Australian Bureau of Statistics
1301.0 - Year Book Australia, 2005
Previous ISSUE Released at 11:30 AM (CANBERRA TIME) 21/01/2005
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The traffic in, and abuse of, illicit drugs results in significant social and financial costs to both individuals and the community. To minimise the harm associated with illicit drug activity, there is close cooperation between the Australian Government, the state and territory governments, the various police services and other law enforcement agencies. Included in these agencies is the ACS which has, among other things, responsibility for the enforcement of laws controlling the import and export of illicit drugs. These agencies direct particular attention to monitoring the various types and forms of illicit drugs and identifying emerging patterns of use through the analysis of law enforcement data on illicit drug seizures and arrests.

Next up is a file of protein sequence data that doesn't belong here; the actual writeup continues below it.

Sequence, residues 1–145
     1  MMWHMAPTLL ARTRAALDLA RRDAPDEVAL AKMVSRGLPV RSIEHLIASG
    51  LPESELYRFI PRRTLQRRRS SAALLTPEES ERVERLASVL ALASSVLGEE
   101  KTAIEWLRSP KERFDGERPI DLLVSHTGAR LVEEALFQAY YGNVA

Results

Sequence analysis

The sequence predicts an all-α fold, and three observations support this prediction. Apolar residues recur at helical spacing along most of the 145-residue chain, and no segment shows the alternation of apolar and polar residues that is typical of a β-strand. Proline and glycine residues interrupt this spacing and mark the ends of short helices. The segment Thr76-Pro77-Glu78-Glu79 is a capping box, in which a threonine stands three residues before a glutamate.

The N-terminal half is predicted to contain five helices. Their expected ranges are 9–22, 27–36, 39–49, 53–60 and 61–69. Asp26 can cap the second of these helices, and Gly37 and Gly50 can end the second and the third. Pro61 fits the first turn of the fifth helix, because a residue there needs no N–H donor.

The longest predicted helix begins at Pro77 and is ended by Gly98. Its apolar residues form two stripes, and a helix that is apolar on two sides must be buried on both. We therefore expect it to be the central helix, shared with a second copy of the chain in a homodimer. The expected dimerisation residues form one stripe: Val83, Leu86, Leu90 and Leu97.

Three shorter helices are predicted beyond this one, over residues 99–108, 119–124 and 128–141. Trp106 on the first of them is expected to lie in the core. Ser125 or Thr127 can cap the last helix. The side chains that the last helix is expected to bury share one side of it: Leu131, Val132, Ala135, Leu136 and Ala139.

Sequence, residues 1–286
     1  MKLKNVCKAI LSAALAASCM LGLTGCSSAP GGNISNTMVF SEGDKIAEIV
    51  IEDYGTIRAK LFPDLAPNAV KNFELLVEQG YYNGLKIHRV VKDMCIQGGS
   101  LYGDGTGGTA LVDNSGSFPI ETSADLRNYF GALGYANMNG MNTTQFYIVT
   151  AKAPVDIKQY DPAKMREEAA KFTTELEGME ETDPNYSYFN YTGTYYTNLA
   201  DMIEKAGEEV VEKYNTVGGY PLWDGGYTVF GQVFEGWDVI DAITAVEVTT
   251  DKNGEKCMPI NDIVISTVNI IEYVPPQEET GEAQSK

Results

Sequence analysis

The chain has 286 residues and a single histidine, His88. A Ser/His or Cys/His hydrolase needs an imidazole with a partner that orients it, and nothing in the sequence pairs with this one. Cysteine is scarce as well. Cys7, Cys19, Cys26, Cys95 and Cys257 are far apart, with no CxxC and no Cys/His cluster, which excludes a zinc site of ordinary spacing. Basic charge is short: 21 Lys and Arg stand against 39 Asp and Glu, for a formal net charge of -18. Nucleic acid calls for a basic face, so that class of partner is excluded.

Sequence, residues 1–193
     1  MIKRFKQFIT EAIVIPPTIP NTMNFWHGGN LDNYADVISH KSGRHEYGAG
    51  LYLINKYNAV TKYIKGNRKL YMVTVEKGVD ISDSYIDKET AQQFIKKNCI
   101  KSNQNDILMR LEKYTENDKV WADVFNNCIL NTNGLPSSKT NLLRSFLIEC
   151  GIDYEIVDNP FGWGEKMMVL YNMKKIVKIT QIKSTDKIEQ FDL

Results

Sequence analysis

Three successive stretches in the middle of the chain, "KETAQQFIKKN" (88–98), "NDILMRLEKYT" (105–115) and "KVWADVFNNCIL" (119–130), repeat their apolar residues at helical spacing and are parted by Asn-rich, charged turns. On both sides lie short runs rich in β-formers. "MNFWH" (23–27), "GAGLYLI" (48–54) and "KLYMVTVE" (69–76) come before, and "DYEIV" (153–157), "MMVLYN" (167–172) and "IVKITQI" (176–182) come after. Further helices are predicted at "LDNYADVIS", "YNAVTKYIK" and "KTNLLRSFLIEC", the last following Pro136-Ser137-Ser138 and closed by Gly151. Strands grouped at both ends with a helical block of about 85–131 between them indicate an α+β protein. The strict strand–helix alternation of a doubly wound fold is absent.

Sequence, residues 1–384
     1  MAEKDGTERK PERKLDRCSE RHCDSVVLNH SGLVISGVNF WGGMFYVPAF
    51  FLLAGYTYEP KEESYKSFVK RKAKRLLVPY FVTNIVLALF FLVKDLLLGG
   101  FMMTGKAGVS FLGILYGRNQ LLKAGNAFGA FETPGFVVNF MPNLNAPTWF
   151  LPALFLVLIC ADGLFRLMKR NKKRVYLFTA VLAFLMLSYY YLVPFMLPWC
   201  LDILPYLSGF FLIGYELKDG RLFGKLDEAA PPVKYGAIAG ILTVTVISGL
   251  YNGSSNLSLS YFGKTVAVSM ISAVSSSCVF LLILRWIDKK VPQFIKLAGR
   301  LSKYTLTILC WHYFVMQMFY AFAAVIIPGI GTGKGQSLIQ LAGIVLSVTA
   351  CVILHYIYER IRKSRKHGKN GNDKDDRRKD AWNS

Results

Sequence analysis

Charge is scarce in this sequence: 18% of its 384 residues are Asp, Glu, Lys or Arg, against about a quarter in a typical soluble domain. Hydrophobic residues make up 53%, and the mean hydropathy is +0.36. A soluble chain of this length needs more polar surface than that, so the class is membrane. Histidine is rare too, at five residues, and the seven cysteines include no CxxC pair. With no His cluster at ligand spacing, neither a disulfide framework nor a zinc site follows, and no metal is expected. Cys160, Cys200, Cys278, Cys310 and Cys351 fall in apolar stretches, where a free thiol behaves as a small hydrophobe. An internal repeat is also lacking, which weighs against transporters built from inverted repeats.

Arrests for most types of drugs increased between 2001-02 and 2002-03 (graph 11.15). Heroin arrests rose by 17% to 3,824 after declining markedly between 1998-99 and 2001-02. Amphetamines arrests increased by 5%, continuing the increase that occurred between 1997-98 and 2000-01. Arrests and infringement notices for cannabis rose slightly to 55,689, after declining steadily between 1997-98 and 2000-01. The only drug type to show a clear decrease in arrests in 2002-03 was cocaine, which declined by 59% to 250.
Information on the widespread problems arising from drug abuse in Australia, and on how these problems are being approached, is presented in the Australian Illicit Drug Report produced by the ACC.
This page last updated 20 April 2007
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